Ghostbusters

When there's something strange in your neighborhood, most people know to call the Ghostbusters. The original team kept New York City safe across two movies in the 1980s, and later this month, the reboot will show a new team getting into that line of work. However, while busting ghosts is definitely exciting, it still remains a job, which means that these characters still have to worry about money. Fortunately, thanks to some number crunchers, we've now learned that the original Ghostbusters organization would actually be a decent business to run by today's standards, with a few minor changes here and there.

Starting off, the folks at BizDaq looked at how much the Ghostbusters' revenue is (adjusted for inflation), and while that number was never clearly provided in the original movie, they estimated that it's nearly $1.1 million annually. Okay, that's pretty good, but then, of course, expenses have to be considered, like their base of operations. The fire station rental is in an expensive neighborhood, meaning that they're paying about almost $549,000 a year to set up shop. Then there's the equipment, like the Proton Packs, the Ghost Sniffer and the Ecto-1. All together, those cost approximately $250,000. Once you factor in the "stock value" of the ghost containment unit and the ongoing annual costs of running the business reaching nearly $937,000, in total, the original Ghostbusters team is valued almost $627,500.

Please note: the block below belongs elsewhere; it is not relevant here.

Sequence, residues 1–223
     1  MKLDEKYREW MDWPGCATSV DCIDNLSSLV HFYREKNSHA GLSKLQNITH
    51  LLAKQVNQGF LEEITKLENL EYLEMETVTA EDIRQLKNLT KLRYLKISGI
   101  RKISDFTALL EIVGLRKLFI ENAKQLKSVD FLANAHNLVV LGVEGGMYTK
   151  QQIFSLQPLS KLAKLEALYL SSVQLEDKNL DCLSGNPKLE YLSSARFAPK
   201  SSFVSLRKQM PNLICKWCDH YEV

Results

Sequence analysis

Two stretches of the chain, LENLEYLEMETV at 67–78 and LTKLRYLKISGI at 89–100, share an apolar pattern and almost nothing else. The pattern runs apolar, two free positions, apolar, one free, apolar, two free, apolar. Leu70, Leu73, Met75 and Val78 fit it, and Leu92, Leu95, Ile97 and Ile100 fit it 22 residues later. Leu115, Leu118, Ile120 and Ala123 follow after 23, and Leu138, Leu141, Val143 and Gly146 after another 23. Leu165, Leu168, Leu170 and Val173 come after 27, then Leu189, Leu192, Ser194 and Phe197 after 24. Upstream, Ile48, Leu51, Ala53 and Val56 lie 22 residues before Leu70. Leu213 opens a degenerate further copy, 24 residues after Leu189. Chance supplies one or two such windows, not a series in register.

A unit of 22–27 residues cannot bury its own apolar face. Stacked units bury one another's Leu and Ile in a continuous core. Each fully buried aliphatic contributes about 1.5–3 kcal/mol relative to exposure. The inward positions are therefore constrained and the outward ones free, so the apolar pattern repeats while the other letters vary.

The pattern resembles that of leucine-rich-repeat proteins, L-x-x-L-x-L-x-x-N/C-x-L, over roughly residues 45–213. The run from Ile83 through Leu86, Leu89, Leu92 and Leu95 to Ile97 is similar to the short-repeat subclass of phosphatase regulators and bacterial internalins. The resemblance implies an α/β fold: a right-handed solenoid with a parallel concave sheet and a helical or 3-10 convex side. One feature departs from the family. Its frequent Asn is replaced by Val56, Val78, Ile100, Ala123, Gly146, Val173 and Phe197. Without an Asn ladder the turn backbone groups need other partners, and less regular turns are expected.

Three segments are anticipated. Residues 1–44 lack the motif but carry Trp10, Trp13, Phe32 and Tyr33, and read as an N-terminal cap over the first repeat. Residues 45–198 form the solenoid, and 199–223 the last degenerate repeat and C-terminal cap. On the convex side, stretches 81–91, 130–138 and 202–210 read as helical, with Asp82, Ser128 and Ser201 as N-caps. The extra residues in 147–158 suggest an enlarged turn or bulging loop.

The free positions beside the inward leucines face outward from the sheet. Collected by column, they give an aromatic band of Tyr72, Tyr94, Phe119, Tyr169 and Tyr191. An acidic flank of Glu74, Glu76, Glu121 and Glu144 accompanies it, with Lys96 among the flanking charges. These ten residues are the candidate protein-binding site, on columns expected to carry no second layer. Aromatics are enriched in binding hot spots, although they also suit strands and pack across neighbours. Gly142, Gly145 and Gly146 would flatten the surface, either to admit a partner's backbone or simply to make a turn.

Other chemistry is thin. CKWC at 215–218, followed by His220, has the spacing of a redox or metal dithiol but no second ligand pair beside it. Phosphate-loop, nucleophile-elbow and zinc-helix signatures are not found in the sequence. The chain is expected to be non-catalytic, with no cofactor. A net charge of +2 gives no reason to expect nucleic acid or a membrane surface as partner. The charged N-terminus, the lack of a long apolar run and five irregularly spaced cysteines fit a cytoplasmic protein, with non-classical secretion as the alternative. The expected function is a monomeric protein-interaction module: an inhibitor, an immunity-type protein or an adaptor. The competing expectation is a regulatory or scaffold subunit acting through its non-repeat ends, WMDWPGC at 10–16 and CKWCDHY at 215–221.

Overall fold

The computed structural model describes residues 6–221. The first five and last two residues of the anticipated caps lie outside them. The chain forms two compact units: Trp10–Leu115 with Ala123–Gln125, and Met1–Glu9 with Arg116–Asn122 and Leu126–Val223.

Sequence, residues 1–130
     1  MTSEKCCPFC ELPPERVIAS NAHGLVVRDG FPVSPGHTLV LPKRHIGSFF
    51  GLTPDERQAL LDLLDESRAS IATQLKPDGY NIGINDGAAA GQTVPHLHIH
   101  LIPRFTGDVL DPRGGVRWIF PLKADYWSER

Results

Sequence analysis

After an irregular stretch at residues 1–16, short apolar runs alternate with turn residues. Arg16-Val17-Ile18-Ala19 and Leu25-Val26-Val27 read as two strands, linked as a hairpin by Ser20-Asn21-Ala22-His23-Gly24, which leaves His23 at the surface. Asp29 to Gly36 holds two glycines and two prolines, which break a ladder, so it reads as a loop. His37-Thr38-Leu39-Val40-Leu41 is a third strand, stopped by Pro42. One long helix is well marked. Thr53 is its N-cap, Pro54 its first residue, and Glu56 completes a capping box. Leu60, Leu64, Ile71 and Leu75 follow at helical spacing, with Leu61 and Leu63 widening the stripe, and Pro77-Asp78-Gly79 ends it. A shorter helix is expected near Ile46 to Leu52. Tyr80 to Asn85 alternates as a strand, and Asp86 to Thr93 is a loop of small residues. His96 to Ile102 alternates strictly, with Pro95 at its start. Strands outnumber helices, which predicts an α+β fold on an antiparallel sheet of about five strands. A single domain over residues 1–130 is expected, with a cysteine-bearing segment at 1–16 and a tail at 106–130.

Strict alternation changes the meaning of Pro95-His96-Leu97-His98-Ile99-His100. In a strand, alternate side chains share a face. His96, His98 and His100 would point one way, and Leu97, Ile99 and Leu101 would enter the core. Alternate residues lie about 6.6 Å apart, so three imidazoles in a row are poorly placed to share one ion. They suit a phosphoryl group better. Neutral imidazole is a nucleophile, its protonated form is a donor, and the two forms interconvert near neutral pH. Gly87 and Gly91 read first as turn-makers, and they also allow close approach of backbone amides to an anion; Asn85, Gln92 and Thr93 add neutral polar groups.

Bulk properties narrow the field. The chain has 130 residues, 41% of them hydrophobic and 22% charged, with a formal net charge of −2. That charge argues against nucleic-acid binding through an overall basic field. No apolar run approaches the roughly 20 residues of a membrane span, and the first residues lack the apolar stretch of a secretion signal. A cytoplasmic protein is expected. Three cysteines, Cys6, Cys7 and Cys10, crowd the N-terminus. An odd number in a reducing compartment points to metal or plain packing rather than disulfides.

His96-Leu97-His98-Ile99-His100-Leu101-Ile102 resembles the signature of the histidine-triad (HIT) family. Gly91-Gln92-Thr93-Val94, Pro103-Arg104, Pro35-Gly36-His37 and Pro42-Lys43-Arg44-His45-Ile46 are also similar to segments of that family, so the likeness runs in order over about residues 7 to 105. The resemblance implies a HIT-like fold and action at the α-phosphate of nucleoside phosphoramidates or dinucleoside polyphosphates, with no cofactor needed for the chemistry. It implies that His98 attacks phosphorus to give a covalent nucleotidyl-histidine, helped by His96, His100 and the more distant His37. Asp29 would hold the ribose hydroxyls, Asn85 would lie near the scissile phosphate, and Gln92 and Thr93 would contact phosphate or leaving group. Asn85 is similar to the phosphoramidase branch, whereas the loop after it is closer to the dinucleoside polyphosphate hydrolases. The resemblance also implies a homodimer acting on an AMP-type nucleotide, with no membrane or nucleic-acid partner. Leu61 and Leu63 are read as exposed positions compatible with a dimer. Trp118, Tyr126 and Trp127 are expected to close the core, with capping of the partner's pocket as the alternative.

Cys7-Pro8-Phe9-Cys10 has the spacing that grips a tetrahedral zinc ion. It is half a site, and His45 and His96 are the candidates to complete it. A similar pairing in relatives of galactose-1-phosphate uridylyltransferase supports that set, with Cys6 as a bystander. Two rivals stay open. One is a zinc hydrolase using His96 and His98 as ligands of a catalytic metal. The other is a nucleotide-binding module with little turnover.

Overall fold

BizDaq cited Ghostbusters' brand awareness, their growth potential and the "growing prominence" of the occult are all positive factors for the business. However, they also noted that the rising outgoing costs aren't helping matters, as those take out nearly half of everything they bring in. Overall, it sounds like the original Ghostbusters were off to a great start in that first year, meaning they had the potential to become a profitable business.

Longtime Ghostbusters fans remember that in the original movie, Peter Venkman, Raymond Stantz and Egon Spengler started the Ghostbusters after they were fired from Columbia University. While they may have been able to find jobs at other institutions of higher learning, they instead opted to open their paranormal extermination business, a.k.a. the Ghostbusters. Eventually Winston Zeddemore was added to the team, and while the foursome separated after the first movie, they retimed for Ghostbusters II, presumably keeping the business operational. Going off these new numbers, as long as they figure out a way to cut costs in a few areas, they can make the Ghostbusters one of New York's best business, not to mention most important when it comes to stopping spirits and other ethereal threats.

The Ghostbusters reboot hits theaters on July 15, but I'd like to think that in that other universe, the original crew's business is still open, even if they leave the ghost busting in the streets to a new staff.

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